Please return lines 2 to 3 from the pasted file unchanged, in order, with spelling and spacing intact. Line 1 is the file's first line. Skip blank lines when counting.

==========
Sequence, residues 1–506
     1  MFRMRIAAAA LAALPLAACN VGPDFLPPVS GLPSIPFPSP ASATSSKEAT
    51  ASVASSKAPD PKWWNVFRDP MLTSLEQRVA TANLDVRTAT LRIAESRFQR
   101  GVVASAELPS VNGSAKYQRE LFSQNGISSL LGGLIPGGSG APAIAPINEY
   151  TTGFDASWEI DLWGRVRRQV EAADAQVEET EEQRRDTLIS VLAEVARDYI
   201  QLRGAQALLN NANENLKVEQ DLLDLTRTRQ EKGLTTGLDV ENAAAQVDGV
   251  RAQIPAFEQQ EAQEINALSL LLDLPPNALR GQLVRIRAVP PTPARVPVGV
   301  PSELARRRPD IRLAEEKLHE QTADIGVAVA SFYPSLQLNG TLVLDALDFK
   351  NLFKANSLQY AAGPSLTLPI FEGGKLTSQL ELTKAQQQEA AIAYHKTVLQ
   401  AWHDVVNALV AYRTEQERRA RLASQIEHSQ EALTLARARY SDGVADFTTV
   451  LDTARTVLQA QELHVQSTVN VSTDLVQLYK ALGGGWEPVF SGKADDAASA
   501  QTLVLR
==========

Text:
     1  MFRMRIAAAA LAALPLAACN VGPDFLPPVS GLPSIPFPSP ASATSSKEAT
    51  ASVASSKAPD PKWWNVFRDP MLTSLEQRVA TANLDVRTAT LRIAESRFQR